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The Question of Psychological Types

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by Sangharakshita


Lecture 86; the Question of Psychological Types Friends.

We all know that in the course of our lives we meet, from time to time, very many people. We meet them in our homes, we meet them in the street, meet them in our office maybe, factory, workshop. Meet them when we go on holiday, meet them when we go for recreation and so on in this way we come into contact, more or less close contact with all sorts and conditions of men and women. And if we are really observant, if we go around with our eyes open, or at least relatively open, we shall begin to notice various things about the people with whom we come in contact, the people that we meet. We may for instance notice that they're all different, notice that they're all even physically different. They may all be built in the same sort of way, they may all have a single trunk and two legs and two arms, two feet, two hands, one head. It doesn't seem very imaginative, but despite this lack of imagination on the part of nature, despite this very standard pattern, this very standard equipment, we notice that they are all different. At the same time we notice too that in very many ways both physically, psychologically, morally, spiritually, they're very much alike. In fact they may be all the same.

And further than that we notice that people are both all the same and at the same time all completely different. We notice in fact as we move about, that people seem to fall quite naturally without any sort of forcing, into a number of groups. Into a number of groups, the members of which have certain characteristics, certain qualities, certain features, in common. And it's as though as we start sort of thinking about it and reflecting upon it, it's as though the members of these various groups were related to one another very much in the same way that the members of a single biological family are related to one another. They bear a sort of family resemblance to one another. And pursuing this train of thought we may say that we've all had the experience for instance of reading a book, say reading a novel - it may be some great classic of the past or it may be a comparatively modern novel - and in the novel there are various characters, various personages. Sometimes they're very well described, sometimes very vividly described. And every now and then when we read in this way and make the acquaintance of these characters in this way, the thought flashes across our minds, 'but I know somebody just like this' or 'I've met somebody just like this'. Who not only looks like that, looks like the person described by the novelist, by the writer, but behaves like that in the sort of situations which the novelist has described that particular character behaving in. And the same sort of thing happens when we actually meet people for the first time. We very often get the sort of feeling, well I haven't met this person before but I sort of know this person, they seem somehow rather familiar, and then it sort of comes home to us that we already know or have known someone very similar to this particular person. And sometimes in both these cases, both these kinds of cases, the resemblance is not just accidental, not just trivial but extends to the whole character structure as it were, so that the whole character structure of the person that we meet as it were in the novel and the person that we meet in the flesh and somebody else that we've known in the past seem pretty much the same, and in such cases of this, when we have experiences of this sort, we very often say that these different people, real and imaginary or imagined, are of the same type.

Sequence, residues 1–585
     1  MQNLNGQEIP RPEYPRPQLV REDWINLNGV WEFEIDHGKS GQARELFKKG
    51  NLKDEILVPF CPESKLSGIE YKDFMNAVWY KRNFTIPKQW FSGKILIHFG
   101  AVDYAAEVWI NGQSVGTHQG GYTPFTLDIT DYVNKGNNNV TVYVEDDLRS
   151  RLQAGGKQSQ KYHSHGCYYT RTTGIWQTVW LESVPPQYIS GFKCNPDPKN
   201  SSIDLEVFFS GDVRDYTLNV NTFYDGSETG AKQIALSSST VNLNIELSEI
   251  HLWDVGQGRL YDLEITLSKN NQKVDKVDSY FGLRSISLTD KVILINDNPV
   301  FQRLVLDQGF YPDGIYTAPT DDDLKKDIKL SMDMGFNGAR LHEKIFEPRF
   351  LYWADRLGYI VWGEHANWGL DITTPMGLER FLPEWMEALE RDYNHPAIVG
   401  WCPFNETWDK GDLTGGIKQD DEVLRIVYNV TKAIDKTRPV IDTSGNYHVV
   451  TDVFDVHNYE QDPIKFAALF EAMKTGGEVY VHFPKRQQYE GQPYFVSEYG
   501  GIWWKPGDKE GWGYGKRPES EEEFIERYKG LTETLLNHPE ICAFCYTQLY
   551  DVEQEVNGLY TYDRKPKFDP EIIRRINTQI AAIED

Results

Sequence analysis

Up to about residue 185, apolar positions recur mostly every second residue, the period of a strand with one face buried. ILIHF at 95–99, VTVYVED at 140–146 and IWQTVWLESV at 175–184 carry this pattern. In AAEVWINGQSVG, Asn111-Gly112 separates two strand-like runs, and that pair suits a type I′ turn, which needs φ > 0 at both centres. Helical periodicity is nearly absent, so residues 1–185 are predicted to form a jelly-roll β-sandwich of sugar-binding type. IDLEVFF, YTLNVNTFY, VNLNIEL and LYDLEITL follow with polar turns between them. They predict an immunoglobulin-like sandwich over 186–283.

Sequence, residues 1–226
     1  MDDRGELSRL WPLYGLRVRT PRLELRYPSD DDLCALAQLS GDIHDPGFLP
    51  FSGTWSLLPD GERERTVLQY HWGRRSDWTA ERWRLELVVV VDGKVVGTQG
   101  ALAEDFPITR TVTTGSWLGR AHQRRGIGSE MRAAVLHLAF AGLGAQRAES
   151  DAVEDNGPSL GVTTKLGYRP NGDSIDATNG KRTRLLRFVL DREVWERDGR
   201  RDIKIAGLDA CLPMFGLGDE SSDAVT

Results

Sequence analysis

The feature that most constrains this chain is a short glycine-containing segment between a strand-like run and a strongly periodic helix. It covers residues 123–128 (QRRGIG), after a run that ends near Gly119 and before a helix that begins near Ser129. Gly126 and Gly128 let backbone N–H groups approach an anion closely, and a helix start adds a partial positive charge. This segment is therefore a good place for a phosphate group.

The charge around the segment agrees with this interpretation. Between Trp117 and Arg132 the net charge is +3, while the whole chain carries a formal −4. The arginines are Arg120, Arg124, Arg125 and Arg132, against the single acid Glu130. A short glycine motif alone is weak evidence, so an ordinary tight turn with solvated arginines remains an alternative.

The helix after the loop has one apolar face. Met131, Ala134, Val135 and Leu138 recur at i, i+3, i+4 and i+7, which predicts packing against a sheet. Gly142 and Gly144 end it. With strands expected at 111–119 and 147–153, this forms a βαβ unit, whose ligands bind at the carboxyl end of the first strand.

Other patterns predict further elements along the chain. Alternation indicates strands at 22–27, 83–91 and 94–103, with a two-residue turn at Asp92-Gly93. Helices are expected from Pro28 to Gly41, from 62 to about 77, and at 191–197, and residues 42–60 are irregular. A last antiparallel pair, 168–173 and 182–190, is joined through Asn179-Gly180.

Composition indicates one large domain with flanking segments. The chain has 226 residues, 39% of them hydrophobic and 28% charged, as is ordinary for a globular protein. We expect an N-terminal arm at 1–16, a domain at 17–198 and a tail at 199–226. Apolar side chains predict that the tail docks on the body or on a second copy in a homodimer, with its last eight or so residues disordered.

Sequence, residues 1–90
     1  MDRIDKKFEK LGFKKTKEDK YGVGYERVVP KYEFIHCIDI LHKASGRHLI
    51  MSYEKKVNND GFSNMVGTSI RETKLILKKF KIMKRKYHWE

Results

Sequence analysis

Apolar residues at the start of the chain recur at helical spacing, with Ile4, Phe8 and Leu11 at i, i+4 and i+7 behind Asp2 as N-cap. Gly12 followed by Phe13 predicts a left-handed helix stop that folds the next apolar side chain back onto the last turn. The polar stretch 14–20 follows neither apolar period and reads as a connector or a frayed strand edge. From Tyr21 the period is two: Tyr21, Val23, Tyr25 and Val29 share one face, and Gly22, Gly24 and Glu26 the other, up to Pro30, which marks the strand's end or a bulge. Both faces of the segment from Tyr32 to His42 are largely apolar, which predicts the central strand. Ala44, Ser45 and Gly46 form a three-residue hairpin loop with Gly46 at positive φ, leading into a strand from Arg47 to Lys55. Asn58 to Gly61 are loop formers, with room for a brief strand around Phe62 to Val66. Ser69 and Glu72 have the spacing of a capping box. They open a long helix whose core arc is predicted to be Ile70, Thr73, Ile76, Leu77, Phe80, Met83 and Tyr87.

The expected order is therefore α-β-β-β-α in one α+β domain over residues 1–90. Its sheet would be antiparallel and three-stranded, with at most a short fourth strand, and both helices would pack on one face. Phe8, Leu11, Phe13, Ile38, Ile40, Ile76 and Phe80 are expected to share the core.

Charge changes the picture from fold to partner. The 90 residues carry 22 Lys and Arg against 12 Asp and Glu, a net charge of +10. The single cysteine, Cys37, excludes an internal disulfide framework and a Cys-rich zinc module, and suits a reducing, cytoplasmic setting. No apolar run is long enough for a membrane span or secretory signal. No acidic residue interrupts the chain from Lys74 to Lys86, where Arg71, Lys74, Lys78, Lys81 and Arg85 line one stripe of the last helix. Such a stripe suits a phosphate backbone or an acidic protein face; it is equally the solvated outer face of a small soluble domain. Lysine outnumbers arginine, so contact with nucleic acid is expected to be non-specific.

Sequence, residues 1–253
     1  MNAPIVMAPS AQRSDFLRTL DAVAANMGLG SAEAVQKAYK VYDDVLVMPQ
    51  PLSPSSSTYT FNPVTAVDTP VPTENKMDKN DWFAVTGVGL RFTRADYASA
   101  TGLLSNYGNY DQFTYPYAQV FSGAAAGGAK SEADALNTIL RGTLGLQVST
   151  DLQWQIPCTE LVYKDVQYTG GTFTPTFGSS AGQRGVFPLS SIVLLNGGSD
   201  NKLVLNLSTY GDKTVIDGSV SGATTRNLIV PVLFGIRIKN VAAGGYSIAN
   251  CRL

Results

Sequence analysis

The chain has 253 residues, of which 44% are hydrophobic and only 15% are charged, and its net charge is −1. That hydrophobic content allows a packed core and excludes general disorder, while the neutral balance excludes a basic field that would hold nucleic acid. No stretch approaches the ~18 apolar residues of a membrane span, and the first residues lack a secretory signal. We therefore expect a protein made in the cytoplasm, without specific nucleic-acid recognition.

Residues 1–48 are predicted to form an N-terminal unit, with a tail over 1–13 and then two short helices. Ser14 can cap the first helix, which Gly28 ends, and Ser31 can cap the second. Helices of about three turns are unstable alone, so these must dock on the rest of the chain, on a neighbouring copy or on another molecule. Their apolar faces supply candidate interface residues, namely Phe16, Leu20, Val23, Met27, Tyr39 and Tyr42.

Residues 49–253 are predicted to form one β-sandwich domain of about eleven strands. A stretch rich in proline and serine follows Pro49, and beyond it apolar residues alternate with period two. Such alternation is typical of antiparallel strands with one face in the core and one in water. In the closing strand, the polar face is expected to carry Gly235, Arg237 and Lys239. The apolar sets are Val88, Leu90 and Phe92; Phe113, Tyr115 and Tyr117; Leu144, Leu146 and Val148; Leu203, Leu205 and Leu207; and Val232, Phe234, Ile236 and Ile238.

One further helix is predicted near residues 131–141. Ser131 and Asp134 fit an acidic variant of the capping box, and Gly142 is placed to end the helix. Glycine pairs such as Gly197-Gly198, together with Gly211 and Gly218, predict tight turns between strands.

And if we are particularly observant we may notice that there are some types, certain types that seem to recur, that seem to turn up again and again, not only in literature, not only in fiction, but also in real life, and it's almost as though there's a sort of limited number of these relatively fixed types that we happen to meet, just like the famous case of the stage army in the old days - sometimes you had a play, you had a drama on the boards of the theatre in which there was a great army required, hundreds, thousands, tens of thousands of soldiers. So you get them marching across the stage from left to right, left to right, backwards and forwards and you think well there are hundreds, there are thousands of soldiers coming and going on the stage but eventually you realise you seem to recognise them as you come round, you realise it's the same maybe thirty, forty people dressed up as soldiers just going round and round as it were. It's not fresh soldiers coming in all the time, it's the same old batch of soldiers just marching again and again over the stage. So it's very much like that in real life. You begin to realise as it were there's a relatively fixed number of types of people that you encounter.